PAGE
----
By the end of the war, Brown’s bloody prediction was being treated by many in the North as akin to divine revelation. Even Lincoln, who had condemned the Kansas murders and the Harpers Ferry raid, echoed Brown when, in his second inaugural address, he allowed that it might be God’s will that “every drop of blood drawn with the lash shall be paid by another drawn with the sword.”

Yet one has to take great care in drawing lessons from Brown and Lincoln. Brown demonstrated that a person can be on the right side of history and still go terribly wrong. His Kansas murders were inexcusable, his raid was a failure and the war he helped trigger killed perhaps 700,000 Americans—the population equivalent of more than 7 million today. As the death toll mounted, some opponents of slavery judged the war deaths a necessary atonement for slavery’s evil, but no one would have accepted such ghastly arithmetic ahead of time. Surely even Brown would have quailed at the carnage. And so should we, no matter how much we applaud the war’s role in emancipation.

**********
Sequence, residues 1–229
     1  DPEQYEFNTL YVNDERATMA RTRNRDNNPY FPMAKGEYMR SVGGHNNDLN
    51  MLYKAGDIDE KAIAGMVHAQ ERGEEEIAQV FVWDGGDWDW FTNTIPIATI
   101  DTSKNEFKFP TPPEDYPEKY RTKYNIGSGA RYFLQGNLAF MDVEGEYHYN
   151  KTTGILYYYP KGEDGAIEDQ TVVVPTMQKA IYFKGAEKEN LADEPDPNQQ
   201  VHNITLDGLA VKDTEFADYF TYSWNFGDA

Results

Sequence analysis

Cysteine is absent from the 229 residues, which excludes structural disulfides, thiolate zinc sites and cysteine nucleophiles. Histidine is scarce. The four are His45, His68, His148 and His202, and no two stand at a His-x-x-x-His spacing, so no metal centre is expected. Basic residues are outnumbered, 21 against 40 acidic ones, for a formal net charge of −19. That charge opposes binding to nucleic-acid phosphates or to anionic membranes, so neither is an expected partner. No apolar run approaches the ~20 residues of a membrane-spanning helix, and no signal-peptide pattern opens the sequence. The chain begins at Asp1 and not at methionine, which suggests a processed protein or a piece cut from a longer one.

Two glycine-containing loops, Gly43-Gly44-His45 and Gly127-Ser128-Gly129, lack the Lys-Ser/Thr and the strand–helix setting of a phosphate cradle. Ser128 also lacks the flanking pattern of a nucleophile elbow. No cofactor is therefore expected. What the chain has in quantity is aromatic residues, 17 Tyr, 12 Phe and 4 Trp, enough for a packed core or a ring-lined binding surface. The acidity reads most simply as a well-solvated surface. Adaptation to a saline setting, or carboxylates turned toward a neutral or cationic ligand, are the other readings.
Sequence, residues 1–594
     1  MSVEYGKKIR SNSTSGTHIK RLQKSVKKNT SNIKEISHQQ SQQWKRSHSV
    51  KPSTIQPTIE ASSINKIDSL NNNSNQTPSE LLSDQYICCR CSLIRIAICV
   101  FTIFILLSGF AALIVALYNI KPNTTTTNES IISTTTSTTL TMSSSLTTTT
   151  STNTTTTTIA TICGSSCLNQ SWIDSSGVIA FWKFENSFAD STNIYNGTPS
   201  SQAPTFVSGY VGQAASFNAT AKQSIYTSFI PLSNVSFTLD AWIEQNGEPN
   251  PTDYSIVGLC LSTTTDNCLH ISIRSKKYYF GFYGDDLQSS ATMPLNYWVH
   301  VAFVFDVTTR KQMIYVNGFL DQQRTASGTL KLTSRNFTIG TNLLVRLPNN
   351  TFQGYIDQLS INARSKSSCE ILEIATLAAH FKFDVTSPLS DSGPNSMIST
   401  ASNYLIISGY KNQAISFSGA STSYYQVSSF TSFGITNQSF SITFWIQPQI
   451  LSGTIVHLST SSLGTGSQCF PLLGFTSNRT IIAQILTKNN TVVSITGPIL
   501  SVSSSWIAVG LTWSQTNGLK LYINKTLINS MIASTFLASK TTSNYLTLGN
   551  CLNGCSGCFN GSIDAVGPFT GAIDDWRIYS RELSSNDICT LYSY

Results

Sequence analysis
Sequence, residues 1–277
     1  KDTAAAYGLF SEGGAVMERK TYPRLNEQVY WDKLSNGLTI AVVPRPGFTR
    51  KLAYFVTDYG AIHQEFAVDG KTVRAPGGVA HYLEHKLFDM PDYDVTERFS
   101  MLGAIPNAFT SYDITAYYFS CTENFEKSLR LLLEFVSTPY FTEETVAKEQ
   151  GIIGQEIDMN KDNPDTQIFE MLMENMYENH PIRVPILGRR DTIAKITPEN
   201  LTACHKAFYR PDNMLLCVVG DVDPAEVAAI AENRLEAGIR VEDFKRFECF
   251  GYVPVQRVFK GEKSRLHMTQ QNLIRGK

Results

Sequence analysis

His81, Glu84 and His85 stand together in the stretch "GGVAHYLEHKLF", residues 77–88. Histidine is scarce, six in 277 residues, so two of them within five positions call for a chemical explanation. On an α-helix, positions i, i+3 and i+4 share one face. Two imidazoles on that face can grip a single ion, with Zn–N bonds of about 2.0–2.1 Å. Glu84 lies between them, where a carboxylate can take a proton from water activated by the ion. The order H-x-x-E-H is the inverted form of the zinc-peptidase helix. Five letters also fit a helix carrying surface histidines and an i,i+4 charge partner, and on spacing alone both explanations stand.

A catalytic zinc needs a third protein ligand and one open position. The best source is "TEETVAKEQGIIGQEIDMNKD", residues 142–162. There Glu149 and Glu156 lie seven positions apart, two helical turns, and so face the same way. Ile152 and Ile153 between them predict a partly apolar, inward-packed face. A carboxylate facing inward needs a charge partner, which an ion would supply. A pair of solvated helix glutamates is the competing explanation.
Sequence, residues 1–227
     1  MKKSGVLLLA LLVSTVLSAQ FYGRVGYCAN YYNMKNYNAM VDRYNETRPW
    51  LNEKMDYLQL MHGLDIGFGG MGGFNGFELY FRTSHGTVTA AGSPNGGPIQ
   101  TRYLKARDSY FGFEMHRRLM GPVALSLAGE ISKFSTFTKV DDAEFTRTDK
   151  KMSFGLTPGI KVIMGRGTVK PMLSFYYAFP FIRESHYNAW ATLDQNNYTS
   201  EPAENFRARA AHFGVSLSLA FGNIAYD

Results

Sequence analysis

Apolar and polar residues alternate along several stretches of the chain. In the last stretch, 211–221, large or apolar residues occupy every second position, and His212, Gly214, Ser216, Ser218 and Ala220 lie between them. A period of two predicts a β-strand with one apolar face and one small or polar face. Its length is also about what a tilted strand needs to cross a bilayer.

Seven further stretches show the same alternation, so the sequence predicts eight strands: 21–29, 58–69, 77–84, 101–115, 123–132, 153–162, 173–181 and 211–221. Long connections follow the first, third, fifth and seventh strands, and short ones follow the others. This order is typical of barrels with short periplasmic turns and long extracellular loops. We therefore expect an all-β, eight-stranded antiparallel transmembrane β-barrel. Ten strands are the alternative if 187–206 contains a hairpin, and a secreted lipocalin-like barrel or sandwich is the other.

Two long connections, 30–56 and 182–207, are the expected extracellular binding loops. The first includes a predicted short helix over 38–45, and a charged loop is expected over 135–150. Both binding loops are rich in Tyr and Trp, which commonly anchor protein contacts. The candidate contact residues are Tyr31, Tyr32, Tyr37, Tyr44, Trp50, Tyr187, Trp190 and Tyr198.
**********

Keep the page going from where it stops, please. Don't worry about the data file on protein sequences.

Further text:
A more apt lesson follows from something else Lincoln said. Before the war began, he appealed to “the better angels” of Americans’ nature to halt the slide toward disaster. The angels weren’t listening, and the war came. We are not on the brink of war now, and we certainly hope we don’t go there. But as tension and violence mount, the sobering memory of the Civil War should encourage us to heed the voice of our own angels when it tells us not to let our good intentions lead us astray.

Doubleday

H.W. Brands is the author of The Zealot and the Emancipator: John Brown, Abraham Lincoln and the Struggle for American Freedom, available now from Doubleday Books.

Contact us at letters@time.com.